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U.S. Stocks Decline as Halliburton, Verizon Drop

By Lu Wang and Nick Taborek
January 21, 2014 11:20 AM EST 24 Comments

U.S. stocks dropped for a third day as results from Johnson & Johnson and Verizon Communications Inc. disappointed investors.

J&J declined 2.3 percent after its earnings forecast trailed analysts’ estimates. Verizon slipped 2.9 percent as subscriber growth slowed from a record. Dow Chemical Co. rallied 4.9 percent after Daniel Loeb’s hedge fund Third Point LLC took a stake. Alcoa Inc. jumped 5.9 percent after JPMorgan Chase & Co. recommended buying the stock.

The Standard & Poor’s 500 Index lost 0.2 percent to 1,835.13 at 11:18 a.m. in New York, erasing an earlier advance of 0.6 percent. Equity trading resumed today after a holiday yesterday to mark the birthday of civil-rights leader Martin Luther King, Jr. The Dow Jones Industrial Average lost 115.64 points, or 0.7 percent, to 16,342.92.

“In the short term, continued earnings growth is particularly important,” James W. Gaul, a portfolio manager at Boston Advisors LLC, which oversees about $2.5 billion from Boston, said by phone. “We are no longer cheap, perhaps not even fairly valued at this point. Investor sentiment is quite optimistic. We need some positive news to get us going.”

Investors are the most upbeat about the global economy in almost five years, encouraged by the U.S.-led revival of industrialized nations, according to a Bloomberg Global Poll. Seventy-two percent in the survey of Bloomberg subscribers said the U.S. economy is improving, up from 53 percent a year ago.

Altman, Paulson

Jeff Altman and John Paulson, two of last year’s best-performing hedge-fund managers, are predicting that stocks will continue their rally in 2014 even as the bull market approaches its sixth year. They’re among a number of top money managers betting markets are robust enough to weather a gradual reduction in the pace of the Federal Reserve’s asset purchases as the central bank signaled it will keep interest rates at their current low for the foreseeable future, according to interviews with more than half a dozen investors.

“The wind will continue to be at the markets’ backs with the Fed,” said Altman, head of the $3.2 billion Owl Creek Asset Management LP. He’s betting on telecommunications and aerospace companies, the same industries that helped him gain 49 percent last year, putting him in the top 10 of Bloomberg’s annual hedge fund ranking.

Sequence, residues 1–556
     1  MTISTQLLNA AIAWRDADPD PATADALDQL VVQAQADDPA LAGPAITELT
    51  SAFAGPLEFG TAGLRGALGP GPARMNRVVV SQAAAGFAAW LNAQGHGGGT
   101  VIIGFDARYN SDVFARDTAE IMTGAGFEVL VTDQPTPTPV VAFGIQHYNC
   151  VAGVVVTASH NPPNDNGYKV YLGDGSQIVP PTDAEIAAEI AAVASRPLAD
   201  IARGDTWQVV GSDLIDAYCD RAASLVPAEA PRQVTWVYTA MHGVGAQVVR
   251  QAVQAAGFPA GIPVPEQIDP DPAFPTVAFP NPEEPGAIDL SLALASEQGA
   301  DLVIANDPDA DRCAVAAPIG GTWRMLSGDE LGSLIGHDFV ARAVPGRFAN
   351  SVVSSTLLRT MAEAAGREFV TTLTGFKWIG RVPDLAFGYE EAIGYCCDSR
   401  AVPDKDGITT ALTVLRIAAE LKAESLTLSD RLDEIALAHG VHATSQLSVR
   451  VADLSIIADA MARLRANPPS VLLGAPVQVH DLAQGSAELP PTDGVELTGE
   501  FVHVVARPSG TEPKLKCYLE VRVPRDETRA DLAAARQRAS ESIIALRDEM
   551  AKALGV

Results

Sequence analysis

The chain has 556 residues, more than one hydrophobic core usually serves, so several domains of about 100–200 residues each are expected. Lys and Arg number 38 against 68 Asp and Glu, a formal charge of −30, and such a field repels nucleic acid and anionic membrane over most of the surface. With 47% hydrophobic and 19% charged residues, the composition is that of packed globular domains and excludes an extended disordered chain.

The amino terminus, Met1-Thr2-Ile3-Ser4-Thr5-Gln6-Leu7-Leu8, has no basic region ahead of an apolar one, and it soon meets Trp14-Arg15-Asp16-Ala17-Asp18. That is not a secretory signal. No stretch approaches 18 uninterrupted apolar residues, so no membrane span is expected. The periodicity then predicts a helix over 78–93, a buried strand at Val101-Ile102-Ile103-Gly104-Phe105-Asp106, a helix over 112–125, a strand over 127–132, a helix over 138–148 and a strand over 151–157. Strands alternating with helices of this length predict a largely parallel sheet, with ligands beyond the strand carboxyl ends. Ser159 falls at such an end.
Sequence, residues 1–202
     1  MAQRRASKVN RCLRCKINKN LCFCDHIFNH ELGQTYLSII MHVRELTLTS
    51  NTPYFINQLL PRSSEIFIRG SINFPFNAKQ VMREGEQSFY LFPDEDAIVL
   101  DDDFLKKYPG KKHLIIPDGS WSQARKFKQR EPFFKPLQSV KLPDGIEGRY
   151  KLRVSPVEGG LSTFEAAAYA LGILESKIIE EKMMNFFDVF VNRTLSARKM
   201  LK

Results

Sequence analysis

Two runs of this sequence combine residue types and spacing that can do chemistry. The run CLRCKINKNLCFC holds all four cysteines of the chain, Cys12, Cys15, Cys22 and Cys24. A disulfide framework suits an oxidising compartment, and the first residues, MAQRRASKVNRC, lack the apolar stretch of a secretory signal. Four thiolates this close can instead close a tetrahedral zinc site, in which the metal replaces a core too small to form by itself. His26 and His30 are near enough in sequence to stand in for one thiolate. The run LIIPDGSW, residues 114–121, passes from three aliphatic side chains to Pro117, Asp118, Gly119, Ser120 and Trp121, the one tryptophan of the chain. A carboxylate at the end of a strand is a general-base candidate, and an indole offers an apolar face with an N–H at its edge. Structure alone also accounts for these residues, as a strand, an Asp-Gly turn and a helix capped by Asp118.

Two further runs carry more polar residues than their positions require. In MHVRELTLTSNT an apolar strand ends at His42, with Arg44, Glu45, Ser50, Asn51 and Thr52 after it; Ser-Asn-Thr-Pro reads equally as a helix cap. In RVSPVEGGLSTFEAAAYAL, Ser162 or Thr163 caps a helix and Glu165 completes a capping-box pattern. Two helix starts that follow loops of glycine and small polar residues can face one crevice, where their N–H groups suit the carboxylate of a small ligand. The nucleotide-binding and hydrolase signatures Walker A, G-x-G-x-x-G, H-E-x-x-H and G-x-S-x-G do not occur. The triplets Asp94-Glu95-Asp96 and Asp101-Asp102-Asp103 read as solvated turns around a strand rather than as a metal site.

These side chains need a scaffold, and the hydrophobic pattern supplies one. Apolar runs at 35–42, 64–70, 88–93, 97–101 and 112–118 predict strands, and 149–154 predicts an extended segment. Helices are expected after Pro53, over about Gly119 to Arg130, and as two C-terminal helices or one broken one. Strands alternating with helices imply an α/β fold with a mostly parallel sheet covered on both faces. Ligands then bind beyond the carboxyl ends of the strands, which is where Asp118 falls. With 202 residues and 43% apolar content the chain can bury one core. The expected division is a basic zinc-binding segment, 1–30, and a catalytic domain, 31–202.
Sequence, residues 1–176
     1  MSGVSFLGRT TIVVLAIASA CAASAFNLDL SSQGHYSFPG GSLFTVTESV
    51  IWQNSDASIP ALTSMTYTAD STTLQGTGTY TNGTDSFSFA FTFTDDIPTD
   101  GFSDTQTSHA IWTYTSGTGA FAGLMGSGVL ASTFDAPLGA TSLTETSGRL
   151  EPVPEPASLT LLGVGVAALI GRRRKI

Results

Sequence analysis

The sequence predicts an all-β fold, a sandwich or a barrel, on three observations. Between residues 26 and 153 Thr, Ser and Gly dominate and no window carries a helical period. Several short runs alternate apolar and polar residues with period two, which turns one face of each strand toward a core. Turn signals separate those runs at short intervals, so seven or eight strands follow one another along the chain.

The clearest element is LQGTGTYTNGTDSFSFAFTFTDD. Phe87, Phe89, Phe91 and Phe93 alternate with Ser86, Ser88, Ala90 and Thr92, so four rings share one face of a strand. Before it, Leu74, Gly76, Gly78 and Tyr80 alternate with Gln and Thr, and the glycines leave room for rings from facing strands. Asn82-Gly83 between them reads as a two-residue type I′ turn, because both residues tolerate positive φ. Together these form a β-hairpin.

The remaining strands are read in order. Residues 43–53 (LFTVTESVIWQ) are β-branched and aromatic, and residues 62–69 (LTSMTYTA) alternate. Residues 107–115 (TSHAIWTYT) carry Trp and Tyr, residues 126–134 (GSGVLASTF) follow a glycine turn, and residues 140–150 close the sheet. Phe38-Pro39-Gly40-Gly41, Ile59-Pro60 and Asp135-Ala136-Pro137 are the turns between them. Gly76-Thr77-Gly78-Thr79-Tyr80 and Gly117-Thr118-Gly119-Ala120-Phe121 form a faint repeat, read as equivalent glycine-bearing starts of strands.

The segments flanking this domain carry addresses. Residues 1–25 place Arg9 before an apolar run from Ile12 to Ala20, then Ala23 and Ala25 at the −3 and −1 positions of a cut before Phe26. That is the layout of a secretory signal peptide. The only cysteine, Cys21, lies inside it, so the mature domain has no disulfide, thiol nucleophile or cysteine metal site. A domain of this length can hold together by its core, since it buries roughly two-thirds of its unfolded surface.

The U.S. equities benchmark fell 0.2 percent last week, after touching an all-time high, as weaker-than-estimated earnings at companies from Citigroup Inc. to CSX Corp. offset an improving outlook for the global economy.

Earnings Season

A five-year rally that lifted the S&P 500 up more than 170 percent (SPX) from a bear-market low has boosted equity valuations to near the highest level since 2009. The S&P 500 trades at 15.6 times the estimated earnings of its members, more than the five-year average multiple of 14.1, data compiled by Bloomberg show.

Fourteen companies in the S&P 500 including Texas Instruments Inc. and Travelers Cos. report financial results today. Per-share profit for companies in the benchmark probably climbed 6 percent in the fourth quarter, while sales increased 2.2 percent, according to analysts surveyed by Bloomberg.

Of the 61 S&P 500 members that have reported results so far this season, 67 percent have beaten estimates for profit and 67 percent have exceeded sales projections, according to data compiled by Bloomberg.

To contact the reporters on this story: Lu Wang in New York at lwang8@bloomberg.net; Nick Taborek in New York at ntaborek@bloomberg.net

To contact the editor responsible for this story: Lynn Thomasson at lthomasson@bloomberg.net

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